His team having survived a multitude of mistakes in Music City two games back, South Carolina's Steve Spurrier issued a negative review.
"Everybody here knows what a good team looks like," said the Head Ball Coach after Carolina's 14-point win over Vanderbilt. "And we ain't one."
Over the weekend his Gamecocks proved that was no joke, collapsing down the stretch to lose 21-20 at home to Missouri.
"It didn't work out," Spurrier said.
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This isn't to say the Gamecocks will arrive as underdogs Saturday night when they meet a 3-1 Kentucky, which finally called a halt to its 17-game SEC losing streak with a 10-point win over Vanderbilt.
It is to say that five games is enough of a sample size to know there is a legitimate reason Spurrier keeps pulling that visor over his eyes as if he can't stand to watch his team for one more down.
The 2014 Gamecocks have yet to overcome the graduation/departures of quarterback Connor Shaw, defensive end Jadeveon Clowney and wide receiver Bruce Ellington, just to name a few.
That's especially true in the case of Shaw, he of the shaved head and hard-to-replace savvy. It was Shaw's grit that helped Carolina engineer the 2013 Miracle at Mizzou in which South Carolina erased a 17-point second-half deficit to win in double overtime.
His replacement, Dylan Thompson, is a better passer, but lacks Shaw's feet and fight. Give Thompson time to throw and the senior can turn Spurrier's scheme into scores. (Ask Georgia, which lost 38-35 to the Gamecocks.) Pressure Thompson, as Missouri did Saturday night on the way to four sacks, and Spurrier's offense struggles.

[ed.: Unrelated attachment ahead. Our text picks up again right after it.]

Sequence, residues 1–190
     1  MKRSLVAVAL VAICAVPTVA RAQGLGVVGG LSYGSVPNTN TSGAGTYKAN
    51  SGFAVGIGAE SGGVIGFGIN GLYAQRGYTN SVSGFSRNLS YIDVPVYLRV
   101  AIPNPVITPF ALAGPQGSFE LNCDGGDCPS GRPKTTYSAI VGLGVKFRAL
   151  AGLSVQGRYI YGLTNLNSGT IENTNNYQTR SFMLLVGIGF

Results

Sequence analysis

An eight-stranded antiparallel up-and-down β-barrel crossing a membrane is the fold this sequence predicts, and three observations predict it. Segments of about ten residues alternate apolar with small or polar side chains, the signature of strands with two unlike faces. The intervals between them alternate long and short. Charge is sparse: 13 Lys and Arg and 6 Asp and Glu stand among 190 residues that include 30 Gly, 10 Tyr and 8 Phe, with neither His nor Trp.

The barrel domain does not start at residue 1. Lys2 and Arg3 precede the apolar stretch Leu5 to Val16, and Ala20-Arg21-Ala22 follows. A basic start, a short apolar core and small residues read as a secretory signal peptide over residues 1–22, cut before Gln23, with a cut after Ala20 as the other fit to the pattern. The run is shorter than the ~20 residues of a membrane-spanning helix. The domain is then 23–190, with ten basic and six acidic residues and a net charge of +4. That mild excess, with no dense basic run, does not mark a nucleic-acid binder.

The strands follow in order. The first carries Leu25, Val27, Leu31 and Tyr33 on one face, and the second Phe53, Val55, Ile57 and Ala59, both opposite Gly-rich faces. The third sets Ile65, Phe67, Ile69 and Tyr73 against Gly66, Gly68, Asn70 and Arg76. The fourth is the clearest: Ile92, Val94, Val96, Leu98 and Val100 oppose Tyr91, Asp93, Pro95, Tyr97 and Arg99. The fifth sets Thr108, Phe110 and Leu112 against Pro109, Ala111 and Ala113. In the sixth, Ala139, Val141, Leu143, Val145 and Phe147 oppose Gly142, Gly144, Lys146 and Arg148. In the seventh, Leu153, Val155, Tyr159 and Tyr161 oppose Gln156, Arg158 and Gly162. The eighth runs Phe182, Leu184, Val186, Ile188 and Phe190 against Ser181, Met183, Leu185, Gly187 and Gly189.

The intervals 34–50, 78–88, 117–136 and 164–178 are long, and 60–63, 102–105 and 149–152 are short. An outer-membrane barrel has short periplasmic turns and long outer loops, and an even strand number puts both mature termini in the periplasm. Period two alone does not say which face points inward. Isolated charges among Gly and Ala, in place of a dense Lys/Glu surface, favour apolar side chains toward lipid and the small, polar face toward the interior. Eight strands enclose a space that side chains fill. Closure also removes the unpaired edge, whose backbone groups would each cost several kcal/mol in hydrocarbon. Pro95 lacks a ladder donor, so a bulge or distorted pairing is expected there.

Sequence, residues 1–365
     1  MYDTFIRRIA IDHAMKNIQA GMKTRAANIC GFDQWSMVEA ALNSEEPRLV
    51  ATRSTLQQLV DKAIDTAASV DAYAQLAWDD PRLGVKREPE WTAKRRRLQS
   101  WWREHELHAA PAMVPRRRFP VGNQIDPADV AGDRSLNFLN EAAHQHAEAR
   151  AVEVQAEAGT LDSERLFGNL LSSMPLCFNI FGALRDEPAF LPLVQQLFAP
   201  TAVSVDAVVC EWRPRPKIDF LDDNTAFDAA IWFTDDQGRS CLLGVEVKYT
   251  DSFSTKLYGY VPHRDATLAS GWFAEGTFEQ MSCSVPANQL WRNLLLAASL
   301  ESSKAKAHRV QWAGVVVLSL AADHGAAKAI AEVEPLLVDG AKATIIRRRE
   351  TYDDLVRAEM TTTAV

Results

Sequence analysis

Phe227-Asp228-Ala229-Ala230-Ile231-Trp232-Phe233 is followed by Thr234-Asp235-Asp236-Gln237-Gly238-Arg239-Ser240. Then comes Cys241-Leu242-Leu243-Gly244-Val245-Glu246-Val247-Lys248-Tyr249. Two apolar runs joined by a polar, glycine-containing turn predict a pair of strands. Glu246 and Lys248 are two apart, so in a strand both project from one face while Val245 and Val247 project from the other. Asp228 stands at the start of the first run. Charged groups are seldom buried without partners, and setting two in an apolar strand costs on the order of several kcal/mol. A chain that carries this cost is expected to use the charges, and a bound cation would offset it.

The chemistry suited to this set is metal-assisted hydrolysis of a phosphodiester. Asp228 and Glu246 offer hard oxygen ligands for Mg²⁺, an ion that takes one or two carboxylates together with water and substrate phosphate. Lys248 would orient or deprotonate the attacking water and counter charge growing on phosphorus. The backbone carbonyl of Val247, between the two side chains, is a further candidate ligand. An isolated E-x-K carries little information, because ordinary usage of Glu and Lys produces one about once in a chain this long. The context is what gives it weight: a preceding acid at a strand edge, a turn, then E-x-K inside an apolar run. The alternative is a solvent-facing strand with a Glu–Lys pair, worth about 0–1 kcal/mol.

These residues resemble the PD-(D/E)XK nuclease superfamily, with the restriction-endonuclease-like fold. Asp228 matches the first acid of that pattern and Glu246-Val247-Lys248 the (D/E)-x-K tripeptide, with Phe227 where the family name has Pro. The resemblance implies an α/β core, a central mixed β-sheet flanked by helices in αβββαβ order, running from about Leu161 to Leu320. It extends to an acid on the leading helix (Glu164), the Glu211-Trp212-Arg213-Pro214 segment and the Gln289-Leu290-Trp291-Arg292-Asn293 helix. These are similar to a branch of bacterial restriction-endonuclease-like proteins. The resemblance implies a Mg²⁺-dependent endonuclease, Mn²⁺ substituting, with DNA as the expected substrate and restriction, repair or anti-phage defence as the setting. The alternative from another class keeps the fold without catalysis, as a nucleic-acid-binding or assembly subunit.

Then again, until the final quarter Saturday night, offense was not really South Carolina's problem.
Defense was the team's downfall. The Gamecocks entered Saturday dead last in the SEC in total defense, allowing 480 yards per game and 6.8 yards per play.
You might remember the season opener on Aug. 28 when Texas A&M quarterback Kenny Hill and the Aggies christened the SEC Network by rolling up 680 yards and 52 points against the Gamecocks in Columbia.
In quite the turnaround, South Carolina had manhandled the Missouri offense as the Gamecocks extended their lead to 20-7 with 7:25 remaining. Then the roof caved in as the Carolina defense played its worst just when the home team needed it the most.
Talk about high-tempo offense, it took Missouri 36 seconds and three plays to drive 68 yards and cut the lead to 20-14. After a Carolina three-and-out, Missouri went 51 yards in nine plays, taking the lead on a 1-yard Russell Hansbrough run on fourth-and-goal from the 1.
It was a bad night for Spurrier all around, starting when he lost a first-quarter gamble and Carolina couldn't convert on a fourth-and-1 at its own 42. ("I thought we could get 1 yard," said the coach later.) Missouri turned the 1-yard failure into six Mizzou points.
Then Spurrier nearly did a face plant in the second half when Missouri's scrambling quarterback Maty Mauk ran up the coach's back on the Carolina sideline. (Spurrier didn't look too happy about it, either.)
Finally, Spurrier admitted he should have gone for two points when Thompson's 24-yard scoring pass to Paroh Cooper extended the lead to 19-7. Spurrier said he didn't even think of it until after the Gamecocks had kicked the extra point.
Before the season, Kentucky (without a league win since 2011) beating South Carolina (rocking three consecutive 11-win seasons) might have been unthinkable.
Now, you'd have to say the Cats at least have a chance. Mark Stoops' team is clearly better than a season ago, and Spurrier's team is clearly not as good.
Just ask the coach.